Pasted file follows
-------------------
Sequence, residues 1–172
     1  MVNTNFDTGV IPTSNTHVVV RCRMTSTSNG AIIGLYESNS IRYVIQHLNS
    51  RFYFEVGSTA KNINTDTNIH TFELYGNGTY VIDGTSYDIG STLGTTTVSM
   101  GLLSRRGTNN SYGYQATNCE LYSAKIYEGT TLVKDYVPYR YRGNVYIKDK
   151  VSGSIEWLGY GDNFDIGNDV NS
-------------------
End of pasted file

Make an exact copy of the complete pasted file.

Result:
Sequence, residues 1–172
     1  MVNTNFDTGV IPTSNTHVVV RCRMTSTSNG AIIGLYESNS IRYVIQHLNS
    51  RFYFEVGSTA KNINTDTNIH TFELYGNGTY VIDGTSYDIG STLGTTTVSM
   101  GLLSRRGTNN SYGYQATNCE LYSAKIYEGT TLVKDYVPYR YRGNVYIKDK
   151  VSGSIEWLGY GDNFDIGNDV NS